Yak-3P
Crew 1
Dimensions
Wing span, m 9.20
Wing area, m² 14.85
Length, m 8.50
Powerplant
1 × PE VK-105PF2, power hp 1 × 1240
Weight, kg:
Empty 2,150
Loaded weight 2,708
Performance
Maximum speed, km/h 646
over ground 572
Rate of climb, m/min 1042
Service range, km 610
Service ceiling, m 1,050
Armament
One 20 mm motor gun B-20M, 2 synchronous B-20S

Yak-3U

Яковлев Як-3У
  • Fighter
  • First flight: 1945
  • Yakovlev

Yak-3U with air-cooled radial engine ASh-82FN A.D. Shvetsov and a VISH-105V4 screw with a diameter of 3.1 m was a single-seat front-line fighter and was a modification of the Yak-3 VK-105PF2 production aircraft.

The modification pursued a dual goal: firstly, replacing the capricious, unreliable VK-107A engine with a more powerful, reliable and improved ASh-82FN and, secondly, creating a fighter that would surpass all those in service in all respects Air Force fighters with both liquid and air-cooled engines.

To achieve this goal, in addition to installing the most powerful engine available (takeoff power 1850 hp), it was planned to make the structure as light as possible and improve the aerodynamics of the aircraft.

In addition to changes in the VMG (new engine mount, hoods, exhaust system, oil system, etc.), the following main measures were taken on the aircraft: the wingspan was increased from 9.2 to 9.4 m 0.5 m²); the wing in relation to the fuselage is shifted forward by 219 mm to increase the anti-bonnet angle; soft gas tanks were installed instead of metal ones; the capacity of gas tanks is increased by 110 l; changed the contours of the middle part of the fuselage; to improve forward visibility, the cockpit is raised up by 84 mm; plywood sheathing and fuselage formwork, canvas sheathing of the ailerons, wooden stabilizer and keel, as well as steel elevator rods were replaced with duralumin; to ensure ease of movement of manual control, the latter is mounted entirely on ball bearings; to prevent suction of the landing shields and landing gear, as well as spontaneous loss of the tail wheel in flight, they are all equipped with additional locks that hold them in the retracted position.

The armament consisted of two B-20S synchronous guns with 120 rounds of ammunition. The special equipment was similar to the equipment of the serial Yak-3 VK-105PF2.

As a result, compared with the Yak-3 VK-105PF2, the flight weight increased by 113 kg and amounted to 2792 kg according to the calculation; empty weight - 2273 kg, payload 519 kg (pilot - 90 kg, gasoline - 340 kg, oil - 35 kg, ammunition - 54 kg).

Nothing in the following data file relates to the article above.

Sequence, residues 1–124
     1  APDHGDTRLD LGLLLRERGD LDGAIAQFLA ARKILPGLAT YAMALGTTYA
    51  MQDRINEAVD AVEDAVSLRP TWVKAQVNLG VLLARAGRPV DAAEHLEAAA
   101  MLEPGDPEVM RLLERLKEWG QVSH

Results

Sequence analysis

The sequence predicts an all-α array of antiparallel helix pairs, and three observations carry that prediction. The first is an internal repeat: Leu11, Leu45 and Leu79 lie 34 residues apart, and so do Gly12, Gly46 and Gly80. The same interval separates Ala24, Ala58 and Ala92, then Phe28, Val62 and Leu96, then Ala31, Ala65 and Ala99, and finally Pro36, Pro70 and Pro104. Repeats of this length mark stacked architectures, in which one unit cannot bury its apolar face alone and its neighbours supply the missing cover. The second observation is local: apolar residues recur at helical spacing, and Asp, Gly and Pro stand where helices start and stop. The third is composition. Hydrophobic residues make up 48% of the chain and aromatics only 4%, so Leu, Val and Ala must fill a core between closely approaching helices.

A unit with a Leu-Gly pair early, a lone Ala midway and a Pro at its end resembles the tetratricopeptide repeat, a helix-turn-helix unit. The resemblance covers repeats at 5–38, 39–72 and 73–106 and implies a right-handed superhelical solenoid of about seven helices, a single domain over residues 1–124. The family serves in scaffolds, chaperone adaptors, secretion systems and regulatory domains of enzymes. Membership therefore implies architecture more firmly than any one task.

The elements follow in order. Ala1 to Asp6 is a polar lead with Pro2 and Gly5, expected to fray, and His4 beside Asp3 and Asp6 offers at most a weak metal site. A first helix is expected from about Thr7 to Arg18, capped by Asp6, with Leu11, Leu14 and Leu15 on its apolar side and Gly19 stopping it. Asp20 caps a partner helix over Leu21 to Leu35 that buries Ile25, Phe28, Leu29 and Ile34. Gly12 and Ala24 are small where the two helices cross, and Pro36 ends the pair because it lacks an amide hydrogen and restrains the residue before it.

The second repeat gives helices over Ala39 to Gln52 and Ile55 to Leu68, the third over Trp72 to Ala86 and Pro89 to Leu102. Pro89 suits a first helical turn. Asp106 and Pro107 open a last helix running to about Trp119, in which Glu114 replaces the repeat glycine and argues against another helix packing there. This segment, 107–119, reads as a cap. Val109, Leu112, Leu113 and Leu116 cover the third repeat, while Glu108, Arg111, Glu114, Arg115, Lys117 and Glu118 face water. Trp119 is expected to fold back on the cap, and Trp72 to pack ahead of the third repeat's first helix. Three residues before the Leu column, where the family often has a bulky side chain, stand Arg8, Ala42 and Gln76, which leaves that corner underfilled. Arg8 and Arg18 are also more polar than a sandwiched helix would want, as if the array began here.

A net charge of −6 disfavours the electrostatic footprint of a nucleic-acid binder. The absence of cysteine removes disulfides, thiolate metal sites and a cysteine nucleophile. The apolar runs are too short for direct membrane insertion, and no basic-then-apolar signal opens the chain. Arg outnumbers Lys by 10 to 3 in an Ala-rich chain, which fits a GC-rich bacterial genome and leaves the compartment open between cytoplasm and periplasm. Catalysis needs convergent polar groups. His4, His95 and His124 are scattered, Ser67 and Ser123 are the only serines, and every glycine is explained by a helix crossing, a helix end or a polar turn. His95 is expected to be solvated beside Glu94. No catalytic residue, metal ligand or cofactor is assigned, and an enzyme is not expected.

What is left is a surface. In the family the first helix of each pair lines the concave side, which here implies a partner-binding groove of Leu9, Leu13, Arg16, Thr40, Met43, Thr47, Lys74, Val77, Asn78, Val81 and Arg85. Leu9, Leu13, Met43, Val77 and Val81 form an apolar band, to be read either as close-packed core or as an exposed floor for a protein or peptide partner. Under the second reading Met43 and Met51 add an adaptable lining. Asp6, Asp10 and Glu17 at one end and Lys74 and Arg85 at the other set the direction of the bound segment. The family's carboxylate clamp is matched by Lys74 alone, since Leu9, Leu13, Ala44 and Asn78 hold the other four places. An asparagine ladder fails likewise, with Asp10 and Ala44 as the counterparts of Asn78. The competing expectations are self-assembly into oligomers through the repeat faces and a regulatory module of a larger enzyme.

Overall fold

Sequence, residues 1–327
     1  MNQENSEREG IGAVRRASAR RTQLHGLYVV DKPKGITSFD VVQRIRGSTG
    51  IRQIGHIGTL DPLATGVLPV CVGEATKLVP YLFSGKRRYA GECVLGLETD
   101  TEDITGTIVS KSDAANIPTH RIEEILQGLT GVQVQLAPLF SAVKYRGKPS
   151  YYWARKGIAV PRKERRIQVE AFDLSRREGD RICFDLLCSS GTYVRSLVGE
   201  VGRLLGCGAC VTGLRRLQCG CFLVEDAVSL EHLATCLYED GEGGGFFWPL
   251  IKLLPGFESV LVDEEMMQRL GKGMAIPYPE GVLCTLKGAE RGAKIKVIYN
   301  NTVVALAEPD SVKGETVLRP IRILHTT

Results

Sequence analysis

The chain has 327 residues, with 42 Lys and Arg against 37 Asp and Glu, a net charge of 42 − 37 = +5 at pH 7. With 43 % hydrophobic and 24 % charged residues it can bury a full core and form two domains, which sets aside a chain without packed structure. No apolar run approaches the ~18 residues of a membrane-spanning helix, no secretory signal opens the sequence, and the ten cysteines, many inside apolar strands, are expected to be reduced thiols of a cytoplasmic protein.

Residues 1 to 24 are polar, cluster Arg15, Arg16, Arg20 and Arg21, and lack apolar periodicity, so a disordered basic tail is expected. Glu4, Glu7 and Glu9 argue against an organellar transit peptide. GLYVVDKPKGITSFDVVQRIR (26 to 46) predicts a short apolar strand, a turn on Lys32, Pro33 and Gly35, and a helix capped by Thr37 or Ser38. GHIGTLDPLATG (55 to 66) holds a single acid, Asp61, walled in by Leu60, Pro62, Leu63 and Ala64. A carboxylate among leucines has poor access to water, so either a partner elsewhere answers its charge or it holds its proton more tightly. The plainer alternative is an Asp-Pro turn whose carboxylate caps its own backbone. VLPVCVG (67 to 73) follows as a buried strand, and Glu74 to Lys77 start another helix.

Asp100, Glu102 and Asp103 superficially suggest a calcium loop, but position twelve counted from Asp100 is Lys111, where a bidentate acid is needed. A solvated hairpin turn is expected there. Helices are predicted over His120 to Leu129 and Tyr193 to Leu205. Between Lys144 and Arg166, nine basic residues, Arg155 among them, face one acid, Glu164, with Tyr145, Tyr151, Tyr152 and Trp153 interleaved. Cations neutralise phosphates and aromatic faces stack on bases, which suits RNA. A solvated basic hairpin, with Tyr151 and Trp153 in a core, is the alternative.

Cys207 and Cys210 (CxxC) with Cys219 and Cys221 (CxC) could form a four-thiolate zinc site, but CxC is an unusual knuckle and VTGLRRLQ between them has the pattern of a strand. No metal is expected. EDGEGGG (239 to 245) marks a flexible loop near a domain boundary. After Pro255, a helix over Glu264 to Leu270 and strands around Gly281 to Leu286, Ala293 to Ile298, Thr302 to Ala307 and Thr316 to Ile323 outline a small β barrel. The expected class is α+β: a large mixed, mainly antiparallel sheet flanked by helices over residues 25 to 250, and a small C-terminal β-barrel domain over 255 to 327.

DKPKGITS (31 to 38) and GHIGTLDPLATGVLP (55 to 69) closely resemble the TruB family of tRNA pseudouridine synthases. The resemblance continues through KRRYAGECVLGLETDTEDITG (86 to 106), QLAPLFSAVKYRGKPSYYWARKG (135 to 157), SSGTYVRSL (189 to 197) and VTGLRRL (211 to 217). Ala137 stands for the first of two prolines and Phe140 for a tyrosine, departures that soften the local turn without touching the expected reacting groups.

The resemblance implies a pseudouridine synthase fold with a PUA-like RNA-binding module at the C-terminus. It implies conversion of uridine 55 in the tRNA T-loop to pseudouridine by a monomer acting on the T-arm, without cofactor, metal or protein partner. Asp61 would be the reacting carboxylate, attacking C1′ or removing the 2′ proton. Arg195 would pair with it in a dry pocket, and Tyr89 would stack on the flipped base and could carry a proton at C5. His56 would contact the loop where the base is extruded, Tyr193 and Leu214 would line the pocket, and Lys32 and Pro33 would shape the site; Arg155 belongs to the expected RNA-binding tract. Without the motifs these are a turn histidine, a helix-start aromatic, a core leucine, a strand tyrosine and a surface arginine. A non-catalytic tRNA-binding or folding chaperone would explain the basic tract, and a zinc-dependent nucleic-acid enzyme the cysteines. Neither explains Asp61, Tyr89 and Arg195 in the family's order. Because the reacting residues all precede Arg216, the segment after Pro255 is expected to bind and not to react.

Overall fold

Despite this, the flight weight was a record low for aircraft with engines of comparable power. For example, it was 192 and 473 kg less, respectively, than that of the experimental Yak-3 VK-107A of mixed design and La-7 ASh-82FN. The installation of the ASh-82FN engine on the Yak-3, while simultaneously reducing the flight weight and improving aerodynamics, should have significantly improved its flight characteristics. According to the calculation, the speed compared to the serial Yak-3 VK-105PF2 at the estimated height increased by 65 km / h to 705 km / h (at an altitude of 6100 m), and the climb time of 5000 m decreased by 0.55 min to 4.0 min. However, the forward displacement of the wing, which had a positive effect on stability and controllability in flight, led to an unacceptable decrease in the anti-bonnet angle: up to 21 ° 20 'for rear centering and up to 18 ° - for forward centering, which made the aircraft dangerous for taxiing and landing.

The Yak-3U was built by OKB A.S. Yakovlev by order of the GKO in one copy from January 20 to April 23, 1945 (construction started in Novosibirsk and completed in Moscow), passed factory tests from April 29 to June 9, 1945 at the Central Airfield of Moscow. The first flight took place on May 12, 1945. 19 flights were made with a total duration of 8 hours and 40 minutes. Lead test pilot P.Ya. Fedrovi, lead designer V.V. Barsukov, lead test engineer A.M. Druzhinin and mechanic A.M. Gusev.

A speed of 682 km/h at an altitude of 6000 m and a climb time of 5000 m of 3.9 minutes were obtained.